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DreamWorks channels the Stone Age in The Croods

By Christopher Totten

DreamWorks releases the 2013 animated caveman comedy 'The Croods'.  The PG-film is currently in theaters nationwide.

photo courtesy of DreamWorks Studios
DreamWorks releases the 2013 animated caveman
comedy The Croods. The PG-film is currently
in theaters nationwide.

Some people argue that there is nothing better than the sound of a child's laughter. In DreamWorks' new animated feature film The Croods—released on March 22—you will hear nothing but the joyous laughter of children. Who cares if some of them are 40 years old? This animated movie is truly a film for all ages and has the power to brighten anyone's day.

The Croods is a coming of age story about Eep, an adventurous and daring young cave girl—voiced by the ever funny Emma Stone—who thirsts for freedom and dreams of exploring the world around her. Her dreams are completely smashed by her father, Grug, wonderfully voiced by Nicholas Cage—did someone say paycheck? Grug believes that in order to survive, his family needs to stick together and adhere to his one golden rule, which is to never not be afraid.

The family's world is rocked when Eep comes into contact with a mysterious creature ahead of his prehistoric times named Guy—voiced by the witty Ryan Reynolds who will also be voicing Turbo in the upcoming DreamWorks animated film Turbo. Upon Eep's first encounter with Guy, audiences will immediately find themselves enamored with his oddly adorable and appropriately named companion, Belt—who holds up Guy's pants as well as the audience's laughter throughout the film. The Croods are forced to abandon their beloved home—the cave—to escape the volatile end of their prehistoric world and, in turn, discover an entirely new one. On the way laughs are thrown at the audience nonstop as the viewer accompanies the Croods along their journey.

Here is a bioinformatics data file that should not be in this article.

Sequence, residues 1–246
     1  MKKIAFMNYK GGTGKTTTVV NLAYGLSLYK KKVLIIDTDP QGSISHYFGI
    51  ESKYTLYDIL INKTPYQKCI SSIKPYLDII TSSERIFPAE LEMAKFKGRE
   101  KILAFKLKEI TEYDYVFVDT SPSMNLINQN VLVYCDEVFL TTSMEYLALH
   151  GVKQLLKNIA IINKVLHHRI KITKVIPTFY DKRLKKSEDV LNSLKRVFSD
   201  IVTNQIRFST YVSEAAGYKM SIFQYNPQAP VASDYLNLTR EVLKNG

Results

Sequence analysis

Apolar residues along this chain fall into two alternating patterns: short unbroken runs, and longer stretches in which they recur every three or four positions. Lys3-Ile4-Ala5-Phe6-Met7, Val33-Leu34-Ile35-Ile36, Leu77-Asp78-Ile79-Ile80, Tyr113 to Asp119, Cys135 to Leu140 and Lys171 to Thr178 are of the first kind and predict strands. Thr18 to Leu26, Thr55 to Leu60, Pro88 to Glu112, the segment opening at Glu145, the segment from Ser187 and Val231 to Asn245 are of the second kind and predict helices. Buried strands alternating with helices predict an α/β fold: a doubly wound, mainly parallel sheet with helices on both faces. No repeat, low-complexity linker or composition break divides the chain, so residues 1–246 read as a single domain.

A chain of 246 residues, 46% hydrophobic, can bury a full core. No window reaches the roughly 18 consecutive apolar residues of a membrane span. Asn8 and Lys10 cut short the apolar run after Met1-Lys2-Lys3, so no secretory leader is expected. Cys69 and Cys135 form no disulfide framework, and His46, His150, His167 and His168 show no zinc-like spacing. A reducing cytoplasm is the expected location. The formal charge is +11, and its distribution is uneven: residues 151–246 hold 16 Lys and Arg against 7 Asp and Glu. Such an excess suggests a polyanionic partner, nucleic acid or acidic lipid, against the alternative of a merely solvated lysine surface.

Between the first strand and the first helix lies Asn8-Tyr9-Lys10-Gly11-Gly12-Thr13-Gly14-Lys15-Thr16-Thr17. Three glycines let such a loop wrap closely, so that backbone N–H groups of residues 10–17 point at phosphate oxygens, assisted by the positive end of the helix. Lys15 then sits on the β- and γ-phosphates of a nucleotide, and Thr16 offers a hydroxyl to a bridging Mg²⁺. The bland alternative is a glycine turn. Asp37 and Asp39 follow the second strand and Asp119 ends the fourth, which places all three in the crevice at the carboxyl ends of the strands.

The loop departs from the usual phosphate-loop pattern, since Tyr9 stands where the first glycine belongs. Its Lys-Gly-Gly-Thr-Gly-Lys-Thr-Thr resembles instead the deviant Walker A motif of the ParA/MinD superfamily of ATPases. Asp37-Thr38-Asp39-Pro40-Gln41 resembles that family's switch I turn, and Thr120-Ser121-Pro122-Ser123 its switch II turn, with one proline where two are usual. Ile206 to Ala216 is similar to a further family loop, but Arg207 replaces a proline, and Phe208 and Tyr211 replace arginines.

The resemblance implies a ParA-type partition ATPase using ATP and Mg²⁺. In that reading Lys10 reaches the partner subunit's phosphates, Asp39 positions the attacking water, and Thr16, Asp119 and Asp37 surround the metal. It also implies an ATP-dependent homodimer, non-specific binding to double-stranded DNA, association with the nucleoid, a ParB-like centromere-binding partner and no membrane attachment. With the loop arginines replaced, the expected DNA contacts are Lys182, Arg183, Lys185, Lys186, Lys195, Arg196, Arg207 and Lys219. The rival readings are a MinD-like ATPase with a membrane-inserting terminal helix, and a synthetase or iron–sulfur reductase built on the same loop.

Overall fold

The Croods does not fail in delivering messages and morals to the audience to take home. Throughout the movie messages of courage, self identity, perserverance, and family are prevalent. The Croods also manages to pull at the audience's heartstrings from time to time showing the viewer moments of true family love, loss, and the feeling of being unneeded—all of this in seemingly palpable 3D. Young viewers can learn a lot by watching this film, all the while, experiencing visually striking images and a new take on the archaic times.

All in all, The Croods is a film that makes you laugh, cry, scream, and even let out a heartwarming, "ahhhh". This film is not only for people with kids but also—maybe even more so—for people with a heart and a funny bone. If you leave the theatre feeling ripped off then maybe at one point in your life the family filled piece of your heart was too.


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